My firstborn son was a snuggler from the start. Moments after Ryan's birth, he nestled into my welcoming arms and looked up at me with his baby blues as if to say, "So, you're my mommy!" He was a perfect fit as he molded to my body, eagerly nursing around the clock. Our favorite activity was curling up with each other to nap on my bed, basking in the cocoon of love and security we had miraculously created.
As he grew, Ryan was always a hugger and a kisser, offering constant unsolicited pronouncements of his love. At age three, deep in the Oedipal stage, he declared I should forget about Daddy and marry him instead.
That's the way it was—until my son became a tween. He no longer had a tolerance for overt displays of affection, especially in public. The child who was once permanently fused to my hip, no longer wanted me to escort him into the schoolyard, let alone kiss him goodbye, in case anyone he knew should happen to see. Whenever possible, he walked several paces ahead or behind me, pretending we weren’t together.
When I said goodbye, he ducked out of the way. Once, after I planted a rare kiss, I caught him wiping off his cheek, removing all invisible traces of my affection with his over-sized T-shirt.
My baby was growing up. Yes, I should have known those days were coming, but I never expected them to arrive so soon. One minute I could make the boo-boos all better; the next it was as if I had developed a serious case of the cooties.
One of the greatest challenges for a mother raising a son is accepting that he has to pull away. It's a boy's developmental task to separate from his mother in his quest to eventually become a man. While girls can identify with mom for the rest of their lives, boys between the ages of six and 10 begin to reject mom as their primary role model as they try to become more like dad or other men in their lives.
Knowing that, however, doesn’t make it any easier. Like the pain of labour that no one really tells you about, no one prepares you to be rebuffed by your own flesh and blood. While you carry your children next to your heart for nine months when you are pregnant, you spend the rest of your life letting them go.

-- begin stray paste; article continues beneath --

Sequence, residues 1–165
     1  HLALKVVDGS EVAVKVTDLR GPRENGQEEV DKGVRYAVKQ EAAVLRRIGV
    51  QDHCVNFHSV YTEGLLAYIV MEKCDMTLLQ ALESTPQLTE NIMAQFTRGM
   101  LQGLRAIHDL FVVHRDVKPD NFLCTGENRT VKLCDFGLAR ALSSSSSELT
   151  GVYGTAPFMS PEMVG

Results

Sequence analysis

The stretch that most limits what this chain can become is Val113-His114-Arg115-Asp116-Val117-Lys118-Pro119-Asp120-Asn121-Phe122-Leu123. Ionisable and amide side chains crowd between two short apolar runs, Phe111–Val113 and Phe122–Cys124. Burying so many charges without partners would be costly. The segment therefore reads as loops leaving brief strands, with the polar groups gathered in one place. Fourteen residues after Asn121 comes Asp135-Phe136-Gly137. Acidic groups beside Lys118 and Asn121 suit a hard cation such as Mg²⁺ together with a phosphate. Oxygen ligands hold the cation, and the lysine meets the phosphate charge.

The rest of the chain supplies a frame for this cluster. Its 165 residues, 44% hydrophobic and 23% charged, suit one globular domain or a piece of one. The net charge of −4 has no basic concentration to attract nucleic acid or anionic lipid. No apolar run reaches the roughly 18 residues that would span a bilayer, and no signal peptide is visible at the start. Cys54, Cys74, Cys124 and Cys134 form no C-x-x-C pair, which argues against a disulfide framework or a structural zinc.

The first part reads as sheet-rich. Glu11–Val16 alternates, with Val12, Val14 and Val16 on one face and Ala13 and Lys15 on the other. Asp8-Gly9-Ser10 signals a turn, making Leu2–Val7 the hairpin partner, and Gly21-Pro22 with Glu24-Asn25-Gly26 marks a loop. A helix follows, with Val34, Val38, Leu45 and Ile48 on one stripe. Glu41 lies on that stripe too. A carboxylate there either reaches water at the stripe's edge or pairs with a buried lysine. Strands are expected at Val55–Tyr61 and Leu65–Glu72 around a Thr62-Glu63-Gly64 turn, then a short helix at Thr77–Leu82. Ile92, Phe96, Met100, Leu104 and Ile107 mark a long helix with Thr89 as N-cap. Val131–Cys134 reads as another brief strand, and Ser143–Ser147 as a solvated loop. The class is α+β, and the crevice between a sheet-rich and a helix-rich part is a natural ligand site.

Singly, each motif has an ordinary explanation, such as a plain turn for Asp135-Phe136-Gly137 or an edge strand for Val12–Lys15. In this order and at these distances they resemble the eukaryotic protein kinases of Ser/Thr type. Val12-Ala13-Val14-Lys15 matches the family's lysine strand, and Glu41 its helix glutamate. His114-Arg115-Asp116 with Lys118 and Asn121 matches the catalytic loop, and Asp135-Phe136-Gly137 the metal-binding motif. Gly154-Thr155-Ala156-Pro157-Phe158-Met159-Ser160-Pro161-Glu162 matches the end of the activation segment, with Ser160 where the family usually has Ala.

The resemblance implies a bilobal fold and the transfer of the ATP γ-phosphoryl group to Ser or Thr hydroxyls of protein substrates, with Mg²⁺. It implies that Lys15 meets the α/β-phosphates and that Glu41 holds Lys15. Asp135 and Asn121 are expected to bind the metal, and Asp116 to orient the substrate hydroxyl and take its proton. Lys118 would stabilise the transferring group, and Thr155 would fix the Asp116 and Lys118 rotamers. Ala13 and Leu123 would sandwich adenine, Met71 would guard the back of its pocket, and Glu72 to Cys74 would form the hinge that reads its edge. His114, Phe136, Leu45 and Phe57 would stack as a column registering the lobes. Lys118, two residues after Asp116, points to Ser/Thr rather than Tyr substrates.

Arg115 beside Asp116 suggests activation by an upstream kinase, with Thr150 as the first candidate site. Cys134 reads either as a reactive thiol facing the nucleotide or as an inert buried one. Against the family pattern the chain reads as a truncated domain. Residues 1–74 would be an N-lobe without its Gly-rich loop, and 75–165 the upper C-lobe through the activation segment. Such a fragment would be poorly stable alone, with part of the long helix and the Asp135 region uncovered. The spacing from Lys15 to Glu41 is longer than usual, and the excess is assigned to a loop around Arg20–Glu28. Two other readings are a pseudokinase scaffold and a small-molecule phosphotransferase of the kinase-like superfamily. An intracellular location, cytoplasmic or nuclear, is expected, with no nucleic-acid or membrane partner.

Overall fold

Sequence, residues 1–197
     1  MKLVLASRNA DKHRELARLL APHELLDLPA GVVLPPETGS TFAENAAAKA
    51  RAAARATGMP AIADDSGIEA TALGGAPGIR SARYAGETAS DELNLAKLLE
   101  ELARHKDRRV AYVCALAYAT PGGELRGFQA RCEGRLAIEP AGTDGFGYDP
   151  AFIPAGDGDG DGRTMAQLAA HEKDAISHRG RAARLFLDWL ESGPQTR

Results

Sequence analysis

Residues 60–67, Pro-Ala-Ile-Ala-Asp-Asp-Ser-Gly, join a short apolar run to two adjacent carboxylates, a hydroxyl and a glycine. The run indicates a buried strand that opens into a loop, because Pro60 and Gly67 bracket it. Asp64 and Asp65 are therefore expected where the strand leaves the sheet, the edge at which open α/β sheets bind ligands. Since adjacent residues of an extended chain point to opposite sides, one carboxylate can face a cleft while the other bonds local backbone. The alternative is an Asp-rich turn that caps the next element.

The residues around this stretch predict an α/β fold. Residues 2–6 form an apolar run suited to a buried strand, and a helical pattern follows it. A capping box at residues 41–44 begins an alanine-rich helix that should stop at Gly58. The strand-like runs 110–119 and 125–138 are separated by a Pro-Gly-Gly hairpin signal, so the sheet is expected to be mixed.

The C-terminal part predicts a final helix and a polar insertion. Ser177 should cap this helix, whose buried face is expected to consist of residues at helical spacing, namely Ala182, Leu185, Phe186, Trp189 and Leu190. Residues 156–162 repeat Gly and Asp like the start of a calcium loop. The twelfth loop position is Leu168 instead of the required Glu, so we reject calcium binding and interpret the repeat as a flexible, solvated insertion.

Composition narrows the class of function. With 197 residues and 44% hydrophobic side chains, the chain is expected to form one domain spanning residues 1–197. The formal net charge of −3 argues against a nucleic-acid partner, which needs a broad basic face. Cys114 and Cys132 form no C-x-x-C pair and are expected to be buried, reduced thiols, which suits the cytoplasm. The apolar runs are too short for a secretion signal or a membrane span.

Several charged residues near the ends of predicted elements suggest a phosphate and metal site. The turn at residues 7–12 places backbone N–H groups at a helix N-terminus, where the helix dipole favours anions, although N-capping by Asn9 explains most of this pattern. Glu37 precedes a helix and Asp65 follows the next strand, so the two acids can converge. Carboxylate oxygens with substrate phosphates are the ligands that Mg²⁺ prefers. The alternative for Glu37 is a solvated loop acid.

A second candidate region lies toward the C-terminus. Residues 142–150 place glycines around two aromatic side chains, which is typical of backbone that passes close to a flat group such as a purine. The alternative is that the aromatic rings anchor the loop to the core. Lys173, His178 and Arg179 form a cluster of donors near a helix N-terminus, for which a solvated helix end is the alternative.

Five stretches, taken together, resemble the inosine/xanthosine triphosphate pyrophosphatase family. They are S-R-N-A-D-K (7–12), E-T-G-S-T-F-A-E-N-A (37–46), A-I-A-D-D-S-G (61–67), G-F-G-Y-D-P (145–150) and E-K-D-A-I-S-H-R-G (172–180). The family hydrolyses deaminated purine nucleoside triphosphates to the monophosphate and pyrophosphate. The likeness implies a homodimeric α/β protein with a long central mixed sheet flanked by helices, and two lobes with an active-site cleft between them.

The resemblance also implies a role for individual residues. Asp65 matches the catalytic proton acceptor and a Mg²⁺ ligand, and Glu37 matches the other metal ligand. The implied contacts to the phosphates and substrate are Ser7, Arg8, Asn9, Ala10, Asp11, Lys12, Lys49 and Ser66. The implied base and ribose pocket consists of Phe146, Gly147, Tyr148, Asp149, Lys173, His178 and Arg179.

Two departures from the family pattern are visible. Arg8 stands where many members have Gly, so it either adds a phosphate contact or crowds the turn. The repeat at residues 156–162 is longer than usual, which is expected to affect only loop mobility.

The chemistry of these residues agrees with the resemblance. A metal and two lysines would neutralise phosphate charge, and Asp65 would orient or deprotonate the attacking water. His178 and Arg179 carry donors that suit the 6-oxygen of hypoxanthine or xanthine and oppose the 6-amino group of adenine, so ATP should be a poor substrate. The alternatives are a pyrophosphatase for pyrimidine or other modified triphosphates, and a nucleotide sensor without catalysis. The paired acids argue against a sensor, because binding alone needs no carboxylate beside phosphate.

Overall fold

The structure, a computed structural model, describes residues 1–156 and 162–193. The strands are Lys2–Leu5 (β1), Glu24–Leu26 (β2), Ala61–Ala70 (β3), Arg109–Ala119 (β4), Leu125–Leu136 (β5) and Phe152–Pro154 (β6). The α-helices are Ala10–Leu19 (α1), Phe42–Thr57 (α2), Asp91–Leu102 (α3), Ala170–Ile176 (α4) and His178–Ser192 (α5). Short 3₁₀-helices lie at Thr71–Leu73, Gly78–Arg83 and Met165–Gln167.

And so, I did. Just as I had let go of his hand when he tentatively took his first steps, and later released his bicycle as he rode off towards independence, I let him take a leap into the world away from me as he cleared another hurdle toward manhood.
I decided to take my cues from Ryan, giving him room to grow up, while I stood a safe distance away, ready with love, praise, support, and of course, hugs and kisses should he need or want them.
I eagerly joined in the occasional snowball fights and games of tag that he still wanted to play with me. I knew that the days when I would be his first choice as a playmate, or even his last, would soon end, too.
After one lively catch, Ryan casually held my hand on the way home. "You're good at catch, mom," he said in reverential approval, swelling my heart more than a dozen public displays of affection ever could.
Out at a restaurant, Ryan and I sat next to a mother and her grown son as they discussed their travels, work, and plans—together and apart. I was struck by their easy companionship, more friends than parent and child. I watched as the mother learned something new from her child and their long-time roles reversed.
I now understand a basic truth of parenting: Although you can never recapture the tender devotion of an infant, or the unconditional affection of a toddler, as time goes on you replace one intimacy with another. Your relationship becomes less physical but more cerebral. Through conversations with your grown child in which you both share hopes, dreams, thoughts and feelings, you may actually become closer than ever.
While I realize that at times mothers are from Venus, while sons are from Mars, I’ll stay in Ryan's orbit for as long as I can. I hope that one day when he reaches his destination, he will once again be comfortable giving and receiving my affection, no matter who's looking.
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